Rowers like pulling hard. On the erg and in the boat. It’s what gives us speed and makes us feel good. It makes us feel like we’re doing something honest and playing by the cardinal rule of rowing and erging – pull hard and go faster.
But given that you spend most of your time erging and rowing at a rate below 24 strokes per minute you end up pulling A LOT of hard, slow strokes.
Physiologically that’s fine(and necessary) for lots of reasons. But there is one major problem with it- especially for erging:
You teach yourself to mainly pull slow hard strokes when all the money is at fast hard strokes.
How You Can Fix It.
Always finish your session with a stepped sprint. Whether it’s an hour long erg or a short series of 500 meter intervals, always finish the last work piece flat out. Why? Because you will benefit massively in millions of ways – both physically and mentally.
Your body will adapt and respond to the increased stimulus you heap upon it at a point where you are under a lot of stress and fatigue. It will learn to expect that every rowing session you do will have a sprint to the finish. This is a great weapon to have in your armoury for tight races.
Your mind will also respond in a positive way to finishing the session on a high. You will come away feeling good even if you didn’t have a good row. You will also come to realise that you will always be capable of going harder (and faster) no matter how tired you are coming to the line.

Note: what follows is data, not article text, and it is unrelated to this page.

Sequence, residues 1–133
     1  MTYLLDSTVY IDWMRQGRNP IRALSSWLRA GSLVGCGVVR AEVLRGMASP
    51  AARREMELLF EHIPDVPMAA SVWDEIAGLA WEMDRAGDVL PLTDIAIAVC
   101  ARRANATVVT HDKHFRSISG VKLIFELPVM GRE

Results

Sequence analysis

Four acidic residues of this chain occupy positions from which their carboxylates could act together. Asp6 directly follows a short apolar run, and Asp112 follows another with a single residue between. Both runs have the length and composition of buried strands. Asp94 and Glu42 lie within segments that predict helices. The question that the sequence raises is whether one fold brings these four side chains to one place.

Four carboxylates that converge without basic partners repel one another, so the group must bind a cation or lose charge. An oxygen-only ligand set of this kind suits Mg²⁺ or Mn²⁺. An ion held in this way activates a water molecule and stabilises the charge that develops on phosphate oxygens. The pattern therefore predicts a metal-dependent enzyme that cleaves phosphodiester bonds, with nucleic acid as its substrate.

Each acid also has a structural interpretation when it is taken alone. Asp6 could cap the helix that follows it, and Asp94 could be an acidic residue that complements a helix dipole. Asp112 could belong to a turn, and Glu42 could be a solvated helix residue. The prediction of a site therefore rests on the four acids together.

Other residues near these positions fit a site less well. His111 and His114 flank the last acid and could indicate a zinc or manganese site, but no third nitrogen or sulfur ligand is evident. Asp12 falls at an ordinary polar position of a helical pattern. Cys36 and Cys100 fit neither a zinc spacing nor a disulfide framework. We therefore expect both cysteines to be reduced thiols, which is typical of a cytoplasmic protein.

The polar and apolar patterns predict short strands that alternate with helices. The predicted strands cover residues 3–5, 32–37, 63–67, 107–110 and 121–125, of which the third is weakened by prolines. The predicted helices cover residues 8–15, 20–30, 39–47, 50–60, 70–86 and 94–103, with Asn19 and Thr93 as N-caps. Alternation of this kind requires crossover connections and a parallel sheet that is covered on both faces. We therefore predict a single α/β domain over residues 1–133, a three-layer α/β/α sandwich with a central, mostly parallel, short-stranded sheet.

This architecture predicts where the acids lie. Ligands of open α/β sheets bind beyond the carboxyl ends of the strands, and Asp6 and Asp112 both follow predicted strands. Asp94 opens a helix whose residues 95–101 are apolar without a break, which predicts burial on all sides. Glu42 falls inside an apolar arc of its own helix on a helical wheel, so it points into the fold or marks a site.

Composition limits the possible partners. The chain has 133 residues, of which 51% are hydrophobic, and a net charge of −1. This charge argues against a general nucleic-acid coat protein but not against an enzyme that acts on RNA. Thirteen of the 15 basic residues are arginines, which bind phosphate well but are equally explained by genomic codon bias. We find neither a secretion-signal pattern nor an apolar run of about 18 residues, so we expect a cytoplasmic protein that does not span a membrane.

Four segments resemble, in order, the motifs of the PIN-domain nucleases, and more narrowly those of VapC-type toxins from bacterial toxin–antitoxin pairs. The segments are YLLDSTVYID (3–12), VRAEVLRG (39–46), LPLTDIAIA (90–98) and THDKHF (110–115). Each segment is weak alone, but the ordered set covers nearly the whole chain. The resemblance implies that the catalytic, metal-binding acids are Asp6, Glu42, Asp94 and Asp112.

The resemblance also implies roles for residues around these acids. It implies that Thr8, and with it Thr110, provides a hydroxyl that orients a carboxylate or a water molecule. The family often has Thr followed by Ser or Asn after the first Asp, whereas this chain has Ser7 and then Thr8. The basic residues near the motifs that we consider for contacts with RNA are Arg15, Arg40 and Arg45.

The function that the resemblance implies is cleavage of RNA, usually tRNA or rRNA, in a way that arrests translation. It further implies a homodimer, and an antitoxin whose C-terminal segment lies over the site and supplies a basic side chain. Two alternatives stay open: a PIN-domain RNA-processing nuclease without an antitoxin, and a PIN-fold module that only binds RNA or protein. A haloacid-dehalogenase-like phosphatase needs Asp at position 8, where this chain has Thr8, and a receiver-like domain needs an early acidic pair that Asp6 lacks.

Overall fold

But what about your long steady session?
Yes, even if it’s a long 1 hour row on the erg, you should still sprint to the line.
Here’s an example.
- From about 3 minutes left, step up your rating and power slightly (1 second per 500).
- Do the same with 2 minutes left.
- Then in the last minute start to slowly nail it.
- Incrementally increase your power and rating so that in the last 20 seconds you are all out – recruiting every muscle fibre and brain power in your possession.
The same goes for shorter rowing workouts.
Over time if you practice a sprint in the long sessions you will develop an ability to sprint for short sessions also. Even if you are only able to reduce your average power by 0.5 seconds per 500 it will be worth it.
Sprinting is a great habit to develop. And it will not affect the general core purpose of a particular rowing session.
Introduce it to your rowing and erging sessions and one day when you find yourself in a dog fight use it to blow your opposition away.
P.S. Read the follow up to this article, where I clarify some interesting questions raised by one of our readers.